I look like myself, just like you probably look like yourself. (Unless you’re trapped in a work uniform). Sooner or later, the people around us will figure out what we’re like. Core personality shines through eventually. We should focus more on what kind of friendship we can offer and what roles we’d like to play in life, and less on WHAT THEY’LL THINK about how we look.
“Don’t overthink it.” This is something I hear in martial arts class all the time, maybe even as often as once per class. I understand why. That doesn’t really make it easier, because what’s happening is complicated, at least from my end. I’m trying to learn what other people have acquired naturally. From their perspective, it looks like I’m adding unnecessary layers of complexity to something easy. If I didn’t overthink it, I wouldn’t still be training.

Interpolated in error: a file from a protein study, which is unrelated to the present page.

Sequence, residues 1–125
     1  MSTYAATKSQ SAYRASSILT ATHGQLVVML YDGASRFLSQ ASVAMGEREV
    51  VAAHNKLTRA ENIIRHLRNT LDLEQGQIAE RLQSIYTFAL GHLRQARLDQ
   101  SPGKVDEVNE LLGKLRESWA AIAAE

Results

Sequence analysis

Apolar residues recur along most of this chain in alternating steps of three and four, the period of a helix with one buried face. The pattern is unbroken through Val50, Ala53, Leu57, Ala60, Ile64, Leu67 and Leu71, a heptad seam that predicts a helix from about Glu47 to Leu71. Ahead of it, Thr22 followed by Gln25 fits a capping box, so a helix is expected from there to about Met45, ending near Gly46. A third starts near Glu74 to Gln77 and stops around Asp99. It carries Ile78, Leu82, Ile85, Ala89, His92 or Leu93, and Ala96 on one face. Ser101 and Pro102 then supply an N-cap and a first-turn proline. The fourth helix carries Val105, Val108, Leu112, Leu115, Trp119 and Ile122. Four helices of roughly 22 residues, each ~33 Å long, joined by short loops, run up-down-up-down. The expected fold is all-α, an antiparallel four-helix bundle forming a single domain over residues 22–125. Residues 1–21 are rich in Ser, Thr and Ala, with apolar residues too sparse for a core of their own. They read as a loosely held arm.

Overthinking is my way of explaining something to myself that is otherwise confusing.
As the “last kid chosen for team sports,” small for my age and young for my grade, I was slow and awkward. This is automatically reinforcing. Those of us who felt humiliated and out of place in gym class tend to quit exercise for life. Our reluctance to be active in any way, shape, or form means that we deliberately miss out on the hundreds or thousands of instances when other, more active kids are practicing physical skills. We think they’re “natural” at it when really, they just put in 100x or 1000x more effort into this stuff, starting in early childhood.